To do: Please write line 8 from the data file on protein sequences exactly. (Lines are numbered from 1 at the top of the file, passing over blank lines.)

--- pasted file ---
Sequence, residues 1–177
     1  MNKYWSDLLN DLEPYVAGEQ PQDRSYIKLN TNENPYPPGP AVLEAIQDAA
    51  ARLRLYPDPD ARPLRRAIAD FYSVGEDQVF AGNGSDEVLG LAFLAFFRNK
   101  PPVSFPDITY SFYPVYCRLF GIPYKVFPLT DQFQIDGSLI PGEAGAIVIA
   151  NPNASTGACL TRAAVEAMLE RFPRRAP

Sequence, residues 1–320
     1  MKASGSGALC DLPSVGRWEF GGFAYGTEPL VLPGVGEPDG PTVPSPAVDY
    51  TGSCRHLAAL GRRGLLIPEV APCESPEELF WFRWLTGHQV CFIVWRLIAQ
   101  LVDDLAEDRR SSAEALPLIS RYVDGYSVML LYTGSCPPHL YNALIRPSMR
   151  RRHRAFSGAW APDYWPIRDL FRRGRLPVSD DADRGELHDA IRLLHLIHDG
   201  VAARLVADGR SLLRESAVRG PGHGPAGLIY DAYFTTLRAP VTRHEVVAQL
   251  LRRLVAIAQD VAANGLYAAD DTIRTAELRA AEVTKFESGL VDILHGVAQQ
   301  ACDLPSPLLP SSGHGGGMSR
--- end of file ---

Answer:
    51  TGSCRHLAAL GRRGLLIPEV APCESPEELF WFRWLTGHQV CFIVWRLIAQ